The Left Wrist in The Golf Swing


This is the first blog of many to come, by Terry Shaffer, PGA Professional Instructor with 44 years of teaching experience. Many more are to come and will touch on the intricacies of the golf swing, short game, course management, and recommendations on different golf venues and how beautiful they are. It will also from time to time have commentary on the PGA Tour, rules of golf, golf equipment, speed of play to many other facets involved with this beautiful game we all enjoy so much. Remember, this comes from years of play, hard work, teaching many successful golfers, and includes coaching Division I College golf at two different universities.

Please just enjoy the blogs. They are meant to inspire thought about anything associated with this game. This is also associated with the website, and my new you-tube channel Pure Contact Golf.


So much has been written about the concept of “Supination” in the golf swing. It is a term of medical origins that was made popular in golf by the late, great, Ben Hogan. Today it is rarely used in golf instruction yet is more prevalent in many modern players such as Dustin Johnson and Jon Rahm and others such as Brooks Kepka and a fine young golfer of mine that is just beginning his career as a tour player, Marcus Byrd.

What is Supination?

This has to do with the way the left wrist, in the opinion of many, should behave during the golf swing. I, myself, when I was a young teenage golfer, was taught by a tremendous professional, Tom Lupinacci to tuck my left wrist downward in the beginning of the take-away in the golf swing. This put my left wrist in the supinated position of the golf swing. I feel that Tom was one of the best professionals to have come through the PGA and was way ahead of his time. He taught me this in 1972, a long time ago.

Having asked many medical professionals exactly what it means, and currently listed on page 85 of Ben Hogan’s book, Five Golf Lessons to the Modern Fundamentals of the Golf Swing, the best definition I have come across is that we human beings are one of the few species on earth that could extend an arm, look at the back of the hand and then twist the hand around so that we could look at the palm. In this process, whichever hand it is, the wrist rotates and flexes into a bowed position. Therefore, supination is the rotation of the wrist, and in the process, the wrist curves into a bowed position.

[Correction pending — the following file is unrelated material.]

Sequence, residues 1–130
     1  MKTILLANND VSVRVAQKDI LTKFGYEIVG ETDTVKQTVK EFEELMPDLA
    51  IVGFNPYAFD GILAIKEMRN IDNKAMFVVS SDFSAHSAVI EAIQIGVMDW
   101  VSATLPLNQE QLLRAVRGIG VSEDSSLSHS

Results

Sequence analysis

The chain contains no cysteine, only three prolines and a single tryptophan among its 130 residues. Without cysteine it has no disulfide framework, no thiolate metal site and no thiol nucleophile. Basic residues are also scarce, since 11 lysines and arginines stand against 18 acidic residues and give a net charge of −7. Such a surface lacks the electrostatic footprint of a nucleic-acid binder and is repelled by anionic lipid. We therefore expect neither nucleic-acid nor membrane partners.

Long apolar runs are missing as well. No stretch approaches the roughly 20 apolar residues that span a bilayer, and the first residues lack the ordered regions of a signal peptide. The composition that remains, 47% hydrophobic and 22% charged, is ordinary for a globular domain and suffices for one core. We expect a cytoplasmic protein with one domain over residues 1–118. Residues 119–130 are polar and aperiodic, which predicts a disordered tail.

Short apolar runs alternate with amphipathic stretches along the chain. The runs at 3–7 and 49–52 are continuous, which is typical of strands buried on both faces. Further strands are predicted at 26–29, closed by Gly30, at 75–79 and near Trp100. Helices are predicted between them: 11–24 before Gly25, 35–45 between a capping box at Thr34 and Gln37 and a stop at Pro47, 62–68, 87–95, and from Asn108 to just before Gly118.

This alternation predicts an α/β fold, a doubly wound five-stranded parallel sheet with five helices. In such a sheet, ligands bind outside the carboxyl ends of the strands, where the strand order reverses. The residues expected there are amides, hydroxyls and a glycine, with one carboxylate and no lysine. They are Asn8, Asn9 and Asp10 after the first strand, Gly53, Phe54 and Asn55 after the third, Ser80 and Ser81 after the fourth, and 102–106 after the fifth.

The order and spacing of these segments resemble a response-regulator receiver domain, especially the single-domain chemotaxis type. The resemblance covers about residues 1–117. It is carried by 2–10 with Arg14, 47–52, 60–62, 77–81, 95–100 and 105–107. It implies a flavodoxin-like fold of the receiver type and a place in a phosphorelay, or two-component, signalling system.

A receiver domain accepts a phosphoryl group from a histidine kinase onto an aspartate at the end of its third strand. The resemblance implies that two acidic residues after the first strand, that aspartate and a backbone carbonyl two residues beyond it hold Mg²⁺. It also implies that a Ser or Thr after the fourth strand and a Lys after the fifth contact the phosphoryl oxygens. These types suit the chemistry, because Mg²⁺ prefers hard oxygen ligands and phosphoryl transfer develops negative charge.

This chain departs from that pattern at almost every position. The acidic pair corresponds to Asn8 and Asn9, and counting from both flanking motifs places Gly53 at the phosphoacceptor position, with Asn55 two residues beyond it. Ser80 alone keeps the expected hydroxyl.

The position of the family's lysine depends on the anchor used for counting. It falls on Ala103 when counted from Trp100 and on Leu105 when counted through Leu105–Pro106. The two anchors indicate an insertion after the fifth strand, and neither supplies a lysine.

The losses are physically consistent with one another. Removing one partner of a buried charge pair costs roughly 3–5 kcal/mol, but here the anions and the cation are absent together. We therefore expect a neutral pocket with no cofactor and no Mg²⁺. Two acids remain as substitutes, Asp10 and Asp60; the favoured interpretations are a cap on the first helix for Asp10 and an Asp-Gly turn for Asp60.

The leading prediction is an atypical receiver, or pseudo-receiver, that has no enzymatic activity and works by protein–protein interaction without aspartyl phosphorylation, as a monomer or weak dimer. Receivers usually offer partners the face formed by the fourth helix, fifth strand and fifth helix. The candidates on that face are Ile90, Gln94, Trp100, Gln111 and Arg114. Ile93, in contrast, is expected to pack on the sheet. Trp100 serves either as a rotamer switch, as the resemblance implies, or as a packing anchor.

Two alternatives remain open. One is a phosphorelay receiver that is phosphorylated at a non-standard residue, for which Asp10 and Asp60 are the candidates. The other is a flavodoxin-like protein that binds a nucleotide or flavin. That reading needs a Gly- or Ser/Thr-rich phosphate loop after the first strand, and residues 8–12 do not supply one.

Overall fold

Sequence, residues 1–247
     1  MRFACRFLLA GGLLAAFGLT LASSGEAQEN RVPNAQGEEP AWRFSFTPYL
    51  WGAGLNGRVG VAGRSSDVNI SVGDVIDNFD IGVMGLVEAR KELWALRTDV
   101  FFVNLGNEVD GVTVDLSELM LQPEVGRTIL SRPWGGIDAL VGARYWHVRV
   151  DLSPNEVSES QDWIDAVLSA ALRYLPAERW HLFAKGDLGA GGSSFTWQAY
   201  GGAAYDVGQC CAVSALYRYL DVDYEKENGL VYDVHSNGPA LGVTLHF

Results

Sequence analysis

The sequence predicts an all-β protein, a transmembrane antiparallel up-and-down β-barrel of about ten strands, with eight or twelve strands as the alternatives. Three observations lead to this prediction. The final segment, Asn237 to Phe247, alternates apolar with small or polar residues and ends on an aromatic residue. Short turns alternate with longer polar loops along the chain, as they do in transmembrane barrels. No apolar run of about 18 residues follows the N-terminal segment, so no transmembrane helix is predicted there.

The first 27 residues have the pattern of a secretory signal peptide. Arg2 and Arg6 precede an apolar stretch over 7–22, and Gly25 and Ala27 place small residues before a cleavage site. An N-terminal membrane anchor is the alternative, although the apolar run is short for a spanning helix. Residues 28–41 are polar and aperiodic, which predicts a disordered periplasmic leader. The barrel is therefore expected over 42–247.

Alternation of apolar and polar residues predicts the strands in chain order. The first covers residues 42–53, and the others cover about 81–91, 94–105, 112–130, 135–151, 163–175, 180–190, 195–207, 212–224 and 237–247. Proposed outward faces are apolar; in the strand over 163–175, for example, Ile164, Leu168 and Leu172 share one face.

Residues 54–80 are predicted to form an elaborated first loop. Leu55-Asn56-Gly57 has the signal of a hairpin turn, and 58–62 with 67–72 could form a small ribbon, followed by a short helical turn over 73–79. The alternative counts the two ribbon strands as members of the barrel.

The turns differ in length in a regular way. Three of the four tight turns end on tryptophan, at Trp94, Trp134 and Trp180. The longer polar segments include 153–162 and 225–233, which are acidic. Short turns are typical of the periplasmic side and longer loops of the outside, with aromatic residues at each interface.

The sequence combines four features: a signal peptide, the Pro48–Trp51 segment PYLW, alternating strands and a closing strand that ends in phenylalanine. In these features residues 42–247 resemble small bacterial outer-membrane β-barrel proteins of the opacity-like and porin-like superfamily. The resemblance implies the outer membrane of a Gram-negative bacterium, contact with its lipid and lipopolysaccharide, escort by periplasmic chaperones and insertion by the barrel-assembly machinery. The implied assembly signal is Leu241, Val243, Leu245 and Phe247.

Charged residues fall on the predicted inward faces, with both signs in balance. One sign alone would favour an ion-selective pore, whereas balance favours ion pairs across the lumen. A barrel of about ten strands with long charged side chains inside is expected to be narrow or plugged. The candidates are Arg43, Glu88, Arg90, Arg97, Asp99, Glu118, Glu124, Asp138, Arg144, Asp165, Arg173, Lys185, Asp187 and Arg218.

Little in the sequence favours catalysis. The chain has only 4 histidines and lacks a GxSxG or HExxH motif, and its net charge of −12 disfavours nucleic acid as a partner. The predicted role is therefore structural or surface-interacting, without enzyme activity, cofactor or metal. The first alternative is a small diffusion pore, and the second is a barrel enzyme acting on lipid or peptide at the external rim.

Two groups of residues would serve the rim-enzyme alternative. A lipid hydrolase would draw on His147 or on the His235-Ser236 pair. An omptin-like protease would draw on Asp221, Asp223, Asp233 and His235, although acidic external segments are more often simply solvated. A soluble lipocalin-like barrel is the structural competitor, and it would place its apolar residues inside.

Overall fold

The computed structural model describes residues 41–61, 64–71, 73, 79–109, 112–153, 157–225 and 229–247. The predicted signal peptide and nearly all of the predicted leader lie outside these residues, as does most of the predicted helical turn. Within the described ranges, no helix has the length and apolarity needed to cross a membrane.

Some experts believe that the supination of Mr. Hogan’s left wrist at impact was the secret Mr. Hogan alluded to that he credited for his becoming such a great golfer. I do not agree with this assessment as Mr. Hogan supinated when he was a terrible hooker of the golf ball. His secret led him away from a hook to a fade which made him one of the greatest of all time. I believe Byron Nelson had it right when Mr. Hogan went from having a strong grip to a neutral grip. We’ll never know for sure.

How does this apply to the golf swing and how can it help you with your golf?

In my teaching, I truly believe that the left wrist controls where the clubface is at impact, and I teach my students how to learn to use this wrist during the swing. This is in essence, is, what many great players do. From Jack Nicklaus to Ben Hogan, to Arnold Palmer, to the great players of today, the left wrist positions through impact are very similar. Having referred to Jon Rahm, Dustin Johnson and Brooks Koepka, and my student Marcus Byrd, these are players who by tucking the left wrist early in the backswing are pre-setting the supinated left wrist position, (bowed left wrist). They just hold it through impact as they go through the ball. Again, Tom Lupinacci was way ahead of his time. He learned and taught this long ago.

The left wrist, when it supinates, closes the clubface. The opposite, a cupped left wrist, opens the clubface to the right and contributes to a slice. I teach my students that when the right hand hits hard in the golf swing, it opens the clubface too quickly resulting in a slice. Often, they are amazed how far they can hit the ball with ease, when the left wrist is in the supinated position at impact. Marcus Byrd does this extremely well. I taught him this long before the appearances of Dustin Johnson, Brooks Koepka or Jon Rahm on the PGA Tour. I learned this from Tom Lupinacci.

I would encourage everyone to take the time to learn this very important concept in the golf swing. Try supinating your left wrist. We can teach you how.

Referring to Marcus Byrd, we at Pure Contact Golf are so very proud of all his accomplishments! Marcus is the 2023 Charlie Sifford Exemption Award Winner as selected by Tiger Woods. This exempted Marcus into the Genesis Invitational PGA Tour Event at the Riviera Country Club in Los Angeles Country Club.

Terry Shaffer, PGA Professional

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